A Certified Public Accountant with master’s degrees in Business Management and English Language Teaching, Melanie T. Lim was born and raised in Cebu. While proudly homegrown, she concedes her time in the United States as well as the People’s Republic of China has shaped her internationalist views. Her multicultural orientation stems from her love of travel which has brought her to 47 countries. In 2000, she was awarded the Cebu Archdiocesan Mass Media Award (CAMMA) for Best Column. Writing is one of her passions, the other three being traveling, designing and doing housework. She is a certified workaholic who continues to work at seriously learning “how to chill.”
AS WE celebrate International Women’s Day each year, I pause and think about how lucky I am to have lived a life substantially free from gender bias.
I was raised in a largely liberal household though I can’t say my mother didn’t have old-fashioned ideas about women. Fortunately, my father was the perennial Devil’s advocate. That paved the way for enlightenment in our home.
RAPE is a difficult crime to prove. In the absence of physical evidence as well as witnesses, the situation evolves into a contentious “he said, she said’ case.
Actor, comedian and host Ferdinand “Vhong” Navarro has been accused of rape, first by model Deniece Cornejo and now by former beauty pageant contestant Roxanne Acosta-Cabanero. The actor denies these charges and alleges he is a victim of extortion.
There have been too many public bus crashes of late that these accidents can no longer be called isolated.
The riding public now has to face the horror of this scenario becoming the norm.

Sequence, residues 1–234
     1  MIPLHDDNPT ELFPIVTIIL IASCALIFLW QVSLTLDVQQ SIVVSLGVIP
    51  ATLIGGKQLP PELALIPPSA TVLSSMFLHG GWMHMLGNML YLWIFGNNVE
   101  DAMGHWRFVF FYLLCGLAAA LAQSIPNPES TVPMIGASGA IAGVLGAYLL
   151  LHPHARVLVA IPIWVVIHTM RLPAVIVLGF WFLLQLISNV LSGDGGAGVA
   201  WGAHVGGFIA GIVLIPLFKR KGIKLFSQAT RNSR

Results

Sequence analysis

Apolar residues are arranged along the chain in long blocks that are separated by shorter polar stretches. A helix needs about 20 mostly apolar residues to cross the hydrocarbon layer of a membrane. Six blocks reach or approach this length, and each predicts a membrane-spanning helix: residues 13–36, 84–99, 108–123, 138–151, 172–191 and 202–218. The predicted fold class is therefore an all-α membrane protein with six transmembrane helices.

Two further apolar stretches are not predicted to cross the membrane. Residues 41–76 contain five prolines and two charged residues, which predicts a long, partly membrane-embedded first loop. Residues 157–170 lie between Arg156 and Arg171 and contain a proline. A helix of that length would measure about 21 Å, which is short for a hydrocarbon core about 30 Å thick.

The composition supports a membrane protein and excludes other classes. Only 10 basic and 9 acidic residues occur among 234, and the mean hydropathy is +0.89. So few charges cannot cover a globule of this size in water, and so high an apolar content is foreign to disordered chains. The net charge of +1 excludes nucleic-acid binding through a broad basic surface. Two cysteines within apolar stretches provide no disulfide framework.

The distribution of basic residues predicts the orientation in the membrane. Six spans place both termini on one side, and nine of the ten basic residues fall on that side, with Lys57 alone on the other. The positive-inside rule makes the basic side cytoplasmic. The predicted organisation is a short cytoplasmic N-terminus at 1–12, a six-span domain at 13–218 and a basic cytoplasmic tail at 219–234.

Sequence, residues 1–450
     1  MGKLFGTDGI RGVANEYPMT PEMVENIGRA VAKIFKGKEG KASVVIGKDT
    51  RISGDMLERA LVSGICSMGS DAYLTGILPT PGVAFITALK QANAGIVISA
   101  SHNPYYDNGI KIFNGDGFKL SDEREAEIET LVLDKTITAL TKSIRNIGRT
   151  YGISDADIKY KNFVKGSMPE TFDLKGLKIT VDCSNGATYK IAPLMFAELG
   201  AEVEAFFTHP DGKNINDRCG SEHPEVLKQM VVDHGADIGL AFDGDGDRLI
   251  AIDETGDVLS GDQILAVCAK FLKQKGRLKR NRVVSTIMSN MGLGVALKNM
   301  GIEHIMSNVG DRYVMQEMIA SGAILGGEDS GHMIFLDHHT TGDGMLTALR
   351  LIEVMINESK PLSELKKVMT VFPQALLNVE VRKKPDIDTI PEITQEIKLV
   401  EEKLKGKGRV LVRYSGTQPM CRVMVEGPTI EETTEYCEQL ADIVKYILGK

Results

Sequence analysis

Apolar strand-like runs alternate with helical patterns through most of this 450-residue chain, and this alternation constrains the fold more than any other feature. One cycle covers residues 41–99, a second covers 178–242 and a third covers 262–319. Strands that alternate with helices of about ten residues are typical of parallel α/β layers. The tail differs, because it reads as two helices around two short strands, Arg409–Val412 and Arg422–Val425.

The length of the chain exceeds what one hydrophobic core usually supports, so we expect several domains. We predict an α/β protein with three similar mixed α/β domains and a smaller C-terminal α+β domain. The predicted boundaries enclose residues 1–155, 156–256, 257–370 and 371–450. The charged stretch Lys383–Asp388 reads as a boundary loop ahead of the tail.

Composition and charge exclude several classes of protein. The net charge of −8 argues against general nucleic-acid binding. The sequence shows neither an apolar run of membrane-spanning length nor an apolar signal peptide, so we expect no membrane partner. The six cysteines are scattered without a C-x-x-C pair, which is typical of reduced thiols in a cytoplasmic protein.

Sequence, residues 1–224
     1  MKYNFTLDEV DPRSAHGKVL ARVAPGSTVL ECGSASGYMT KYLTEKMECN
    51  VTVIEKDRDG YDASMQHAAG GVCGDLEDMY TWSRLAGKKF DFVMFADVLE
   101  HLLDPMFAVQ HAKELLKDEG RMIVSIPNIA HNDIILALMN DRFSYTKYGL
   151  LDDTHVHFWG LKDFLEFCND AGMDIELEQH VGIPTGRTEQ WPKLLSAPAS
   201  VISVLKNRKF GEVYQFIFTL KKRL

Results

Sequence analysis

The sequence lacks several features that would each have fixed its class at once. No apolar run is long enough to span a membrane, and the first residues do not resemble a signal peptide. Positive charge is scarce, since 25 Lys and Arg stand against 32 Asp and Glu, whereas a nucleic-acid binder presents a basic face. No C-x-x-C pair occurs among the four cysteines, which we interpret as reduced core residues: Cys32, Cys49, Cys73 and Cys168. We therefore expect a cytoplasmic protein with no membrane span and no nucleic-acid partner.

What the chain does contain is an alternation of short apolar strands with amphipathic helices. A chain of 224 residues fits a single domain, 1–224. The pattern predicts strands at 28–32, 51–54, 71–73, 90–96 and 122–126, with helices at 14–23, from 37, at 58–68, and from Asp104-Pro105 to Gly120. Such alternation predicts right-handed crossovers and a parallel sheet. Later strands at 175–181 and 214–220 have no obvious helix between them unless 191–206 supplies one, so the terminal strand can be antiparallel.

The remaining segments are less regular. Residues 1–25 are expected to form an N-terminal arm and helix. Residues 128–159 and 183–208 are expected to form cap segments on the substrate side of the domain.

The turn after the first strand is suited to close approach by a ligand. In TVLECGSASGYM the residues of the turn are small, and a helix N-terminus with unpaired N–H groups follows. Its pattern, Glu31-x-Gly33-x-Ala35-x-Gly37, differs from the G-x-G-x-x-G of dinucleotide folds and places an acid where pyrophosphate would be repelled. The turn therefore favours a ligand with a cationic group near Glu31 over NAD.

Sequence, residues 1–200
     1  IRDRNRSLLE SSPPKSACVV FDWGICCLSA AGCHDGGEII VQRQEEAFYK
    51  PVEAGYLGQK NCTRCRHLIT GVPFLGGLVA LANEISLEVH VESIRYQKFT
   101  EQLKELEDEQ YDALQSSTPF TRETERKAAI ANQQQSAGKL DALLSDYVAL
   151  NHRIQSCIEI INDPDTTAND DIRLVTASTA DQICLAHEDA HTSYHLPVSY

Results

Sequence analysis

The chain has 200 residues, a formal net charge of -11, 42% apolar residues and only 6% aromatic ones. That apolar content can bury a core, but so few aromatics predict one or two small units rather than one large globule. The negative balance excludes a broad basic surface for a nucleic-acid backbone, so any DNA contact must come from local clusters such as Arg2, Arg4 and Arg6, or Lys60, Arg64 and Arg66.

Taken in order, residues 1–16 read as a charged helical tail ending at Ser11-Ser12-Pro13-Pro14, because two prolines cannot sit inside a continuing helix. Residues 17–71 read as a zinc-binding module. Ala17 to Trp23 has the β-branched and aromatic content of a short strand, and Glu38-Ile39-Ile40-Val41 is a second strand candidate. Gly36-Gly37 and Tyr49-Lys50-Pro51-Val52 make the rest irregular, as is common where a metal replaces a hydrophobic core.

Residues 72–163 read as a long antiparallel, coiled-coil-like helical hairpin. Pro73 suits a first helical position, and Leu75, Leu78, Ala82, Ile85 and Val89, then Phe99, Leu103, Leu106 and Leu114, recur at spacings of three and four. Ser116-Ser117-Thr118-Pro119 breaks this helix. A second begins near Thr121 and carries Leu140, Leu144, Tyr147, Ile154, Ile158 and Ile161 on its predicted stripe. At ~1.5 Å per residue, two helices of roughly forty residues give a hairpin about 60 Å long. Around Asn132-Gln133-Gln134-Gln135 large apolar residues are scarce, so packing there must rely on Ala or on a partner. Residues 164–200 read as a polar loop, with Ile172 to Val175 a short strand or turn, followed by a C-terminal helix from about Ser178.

ANOTHER whistleblower comes forward with testimony in the biggest corruption scandal of the country.
We’ve always known that corruption is rife in our country. Many of us actually believe that government officials who do not steal are the aberration.
WAS it rape, extortion or both? Who speaks the truth?
Actor, comedian and host Ferdinand “Vhong” Navarro has been accused of rape. He denies this charge and alleges he is a victim of extortion.
SEN. Tito Sotto recently filed Senate Bill 2080 seeking to revive the death penalty in our country. This actually surprises me as Senator Sotto has billed himself as a pro-life advocate but in response to public criticism about his mixed stance on life, Senator Sotto has said that he is “pro-life for the unborn but pro-death to heinous criminals.”
Well, Tito Sotto has simply disproved the stance of pro-life advocates like himself who have insisted that there are no gray areas where life is concerned.
IT does not surprise me. Still, it deeply disappoints me that practically all of the politicians in our country who are accused of corruption come up with an extremely predictable but lame defense—I’m not the only one doing this.
We deflect our transgressions by pointing to others’ transgressions, real, concocted or imagined.
RALPH Waldo Emerson said, “To be yourself in a world that is trying to make you something else is the greatest achievement.”
To be yourself, you need to find yourself first. And that’s not so easy. In the course of living and making choices in life, however, we will, at some point, be compelled to ask ourselves some life-changing questions.
RELIGIOSITY is looked upon with great favor in this country. I, however, look upon it with a mixture of cynicism and perplexity.
IN his New Year blessing, Pope Francis calls for greater solidarity in the world. Solidarity, I believe, means greater tolerance for people’s differences, whether these differences are cultural, social, physical, mental, spiritual, political, religious or racial.
Much of the world’s intolerance has been brought about by old-world ideas of purity. Yet people who speak of a pure race or a small but more committed church are not doing humanity a favor. This philosophy of purity is mere bigotry—bigotry that has paved the way for a lot of injustice and oppression in the world.